Naturally, the most common question people ask about CES is, "What sounded good?" and the simple answer is, "It depends." Not the interminable sophistry of "What do you mean, by good sound?" there are endless online chat room purgatories for that. No, I mean that the variety of products showcased at CES to suit different needs at different price points practically guarantees a tailor-made solution to your audio desires. For some, it's a spare no expense system deluxe, for others, it's a ten dollar USB cable. Your enjoyment of a product couldn't be measured by a dollar amount. The Amphion Ion at a little more than a thousand bucks was a snappy looking, nifty sounding monitor that delighted all and sundry. Moreover, one of my favorite speakers at the show was the Audience mini-monitor. Granted, it costs 5k, not an insignificant sum, but it was extremely impressive in delivering fantastic sound, especially in the bass region. In contrast, one highly-praised speaker costing ten times as much seemed a little anemic in its handling of bass, and sure wasn't worth my fifty grand. Fortunately, if you enjoy audio, then the chance to buy the 45 RPM Vinyl LP of Sam Cooke's Night Beat from Acoustic Sounds (and buy it you should) is as almost as exciting as hearing the Lamm amplifiers, Kubala-Sosna Emotion cabling, and Wilson Sasha loudspeakers combination that Dave and Carol Clark write about in this edition of PFO… All right, so it isn't quite as stupendous, but I know the 45 is much more likely to give me audio satisfaction, and that sums up my CES conundrum perfectly: Is this a museum or a bazaar?

On one hand, I spent time looking for exciting new gear that would interest readers of "The Neoteric Listener." That is, audiophile-approved products at a price that most people can afford. Fortunately, there were many such offerings: The Peachtree Audio Nova integrated amplifier and iDecco idoc/integrated amplifier/preamp; the Nola Boxer two-way speaker (though that doesn't mean I didn't eye its older sibling, the Metro Grand Reference loudspeakers); the Pro-ject Audio Juke Box remote controllable amplifier and manual turntable, the Rogue Audio Cronus integrated—all terrific products (and all things I tried shamelessly to get for this column, you can bet on that!). All of these items are reasonably priced, even by non-audiophile standards, and each product has enough features and sound quality to interest even the most spendthrift connoisseur.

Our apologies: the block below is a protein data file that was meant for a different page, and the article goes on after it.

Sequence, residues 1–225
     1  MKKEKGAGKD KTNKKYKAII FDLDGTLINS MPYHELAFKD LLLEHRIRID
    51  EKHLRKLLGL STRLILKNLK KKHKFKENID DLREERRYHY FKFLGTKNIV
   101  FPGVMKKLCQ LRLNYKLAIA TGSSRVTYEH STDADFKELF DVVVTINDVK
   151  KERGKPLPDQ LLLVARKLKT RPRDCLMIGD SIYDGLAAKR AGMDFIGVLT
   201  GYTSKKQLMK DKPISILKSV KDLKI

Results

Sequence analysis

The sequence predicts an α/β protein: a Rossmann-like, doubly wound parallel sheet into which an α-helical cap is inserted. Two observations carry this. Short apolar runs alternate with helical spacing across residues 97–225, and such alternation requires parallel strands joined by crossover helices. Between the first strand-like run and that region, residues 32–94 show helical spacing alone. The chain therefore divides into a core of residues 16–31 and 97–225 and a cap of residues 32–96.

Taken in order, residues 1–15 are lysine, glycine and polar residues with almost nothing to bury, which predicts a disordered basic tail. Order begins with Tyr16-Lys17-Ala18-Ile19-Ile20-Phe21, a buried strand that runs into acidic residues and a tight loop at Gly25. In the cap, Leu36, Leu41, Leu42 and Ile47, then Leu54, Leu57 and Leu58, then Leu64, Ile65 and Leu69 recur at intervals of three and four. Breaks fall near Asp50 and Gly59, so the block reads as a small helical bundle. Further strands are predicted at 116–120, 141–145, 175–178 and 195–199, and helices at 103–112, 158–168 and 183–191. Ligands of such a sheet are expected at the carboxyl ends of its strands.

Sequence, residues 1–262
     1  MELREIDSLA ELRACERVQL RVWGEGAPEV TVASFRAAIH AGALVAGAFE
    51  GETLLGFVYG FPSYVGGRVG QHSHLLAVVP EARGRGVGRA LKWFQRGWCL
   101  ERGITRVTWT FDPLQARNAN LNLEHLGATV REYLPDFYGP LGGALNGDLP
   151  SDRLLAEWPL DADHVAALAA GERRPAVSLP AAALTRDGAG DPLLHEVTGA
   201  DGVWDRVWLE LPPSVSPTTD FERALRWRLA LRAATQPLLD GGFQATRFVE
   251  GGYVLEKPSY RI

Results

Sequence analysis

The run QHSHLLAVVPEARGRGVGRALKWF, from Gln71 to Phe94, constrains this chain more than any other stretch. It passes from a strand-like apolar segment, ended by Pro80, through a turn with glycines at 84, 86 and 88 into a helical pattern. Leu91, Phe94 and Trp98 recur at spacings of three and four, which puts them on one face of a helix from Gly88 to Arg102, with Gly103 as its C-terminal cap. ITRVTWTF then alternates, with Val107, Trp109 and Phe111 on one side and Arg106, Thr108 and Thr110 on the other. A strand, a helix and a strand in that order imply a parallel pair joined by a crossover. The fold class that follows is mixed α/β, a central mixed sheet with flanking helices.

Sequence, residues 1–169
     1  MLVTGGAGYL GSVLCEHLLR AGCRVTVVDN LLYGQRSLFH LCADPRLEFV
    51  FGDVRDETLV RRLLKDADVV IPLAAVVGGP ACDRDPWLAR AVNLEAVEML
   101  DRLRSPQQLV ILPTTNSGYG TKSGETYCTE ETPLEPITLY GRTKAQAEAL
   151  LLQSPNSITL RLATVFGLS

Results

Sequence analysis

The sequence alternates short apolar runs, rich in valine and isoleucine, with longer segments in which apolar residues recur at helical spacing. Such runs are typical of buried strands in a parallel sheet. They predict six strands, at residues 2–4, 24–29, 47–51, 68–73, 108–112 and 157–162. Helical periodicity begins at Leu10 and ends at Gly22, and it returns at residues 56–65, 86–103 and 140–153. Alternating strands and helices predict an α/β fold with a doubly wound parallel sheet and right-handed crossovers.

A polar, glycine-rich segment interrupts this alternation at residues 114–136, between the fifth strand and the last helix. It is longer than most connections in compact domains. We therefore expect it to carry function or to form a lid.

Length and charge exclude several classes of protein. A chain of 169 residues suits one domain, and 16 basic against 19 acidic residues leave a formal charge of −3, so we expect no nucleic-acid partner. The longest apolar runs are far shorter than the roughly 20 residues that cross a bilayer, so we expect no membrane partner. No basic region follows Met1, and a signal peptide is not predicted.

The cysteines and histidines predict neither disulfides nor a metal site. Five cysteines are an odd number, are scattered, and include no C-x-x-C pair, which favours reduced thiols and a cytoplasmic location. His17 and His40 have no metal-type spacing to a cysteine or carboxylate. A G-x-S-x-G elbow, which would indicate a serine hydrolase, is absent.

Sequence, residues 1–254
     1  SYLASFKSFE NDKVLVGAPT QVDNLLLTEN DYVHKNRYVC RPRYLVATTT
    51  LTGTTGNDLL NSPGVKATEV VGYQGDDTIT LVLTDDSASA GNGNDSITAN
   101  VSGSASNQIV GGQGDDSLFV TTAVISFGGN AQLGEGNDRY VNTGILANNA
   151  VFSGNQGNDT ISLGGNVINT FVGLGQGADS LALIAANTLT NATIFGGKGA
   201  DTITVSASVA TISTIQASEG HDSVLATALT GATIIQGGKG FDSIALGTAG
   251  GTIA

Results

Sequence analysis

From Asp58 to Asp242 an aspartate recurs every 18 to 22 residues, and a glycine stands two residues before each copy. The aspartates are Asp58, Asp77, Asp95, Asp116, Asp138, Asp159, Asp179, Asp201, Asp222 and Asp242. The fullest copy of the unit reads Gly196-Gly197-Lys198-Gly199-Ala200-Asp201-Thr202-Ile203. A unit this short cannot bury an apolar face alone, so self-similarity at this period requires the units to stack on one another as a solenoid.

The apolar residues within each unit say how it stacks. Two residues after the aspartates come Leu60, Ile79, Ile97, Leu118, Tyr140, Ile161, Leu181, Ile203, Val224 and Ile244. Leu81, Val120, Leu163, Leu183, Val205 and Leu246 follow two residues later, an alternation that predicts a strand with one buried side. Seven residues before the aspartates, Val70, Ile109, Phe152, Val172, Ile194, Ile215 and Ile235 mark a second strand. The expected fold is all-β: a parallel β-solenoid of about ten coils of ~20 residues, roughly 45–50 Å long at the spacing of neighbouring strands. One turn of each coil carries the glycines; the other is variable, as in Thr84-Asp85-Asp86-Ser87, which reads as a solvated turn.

On the other hand… there were the empress' dowery (or credit line, anyway) products. As I've said before, superb materials, engineering, and innovation don't come cheap. How cheap and how superb is a matter of perspective, but there's no way of escaping the bitter truth that the rooms that absolutely stun you with an unbelievable level of detail, range, and musicality will set you back 50 large, minimum. I rarely have fifty little, maximum, but that shouldn't stop me from barging in the queue to listen at the feet of the gods, and it didn't. I loved the darTZeel NHB-458 monoblocks/Evolution Acoustics MM2 speaker pairing—this is how I'd spend my two hundred thousand (including Evolution acoustic's cables, a Playback Design Music Playback System 5, a really comfy armchair, and an even comfier investment portfolio). The E.A.R. Yoshino electronics/Marten pairing was the type of sound that you could purchase once and never look back (or for more). In fact, the entire Marten line was a revelation for me. There were bigger, badder, bolder speakers (see the new Hansen, Wilson, and Magico speakers) but not necessarily better, and the Martens sounded fantastic in a number of rooms featuring different electronics and sources. The Raysonic electronics/Acoustic Zen loudspeaker combo also provided visceral thrills, as did the Vivid/Luxman room (see Dave and Carol Clark's show review in this edition of PFO for images and model numbers). There were other stars, too: outstanding Gershman Black Swans, large TAD floorstanders, massive Pass Lab amplifiers—all an amazing dazzle, really, that even my innate suburban capacity to become blasé about everything short of perfection couldn't diminish. For awhile...CES "It Goes to 11" awaits!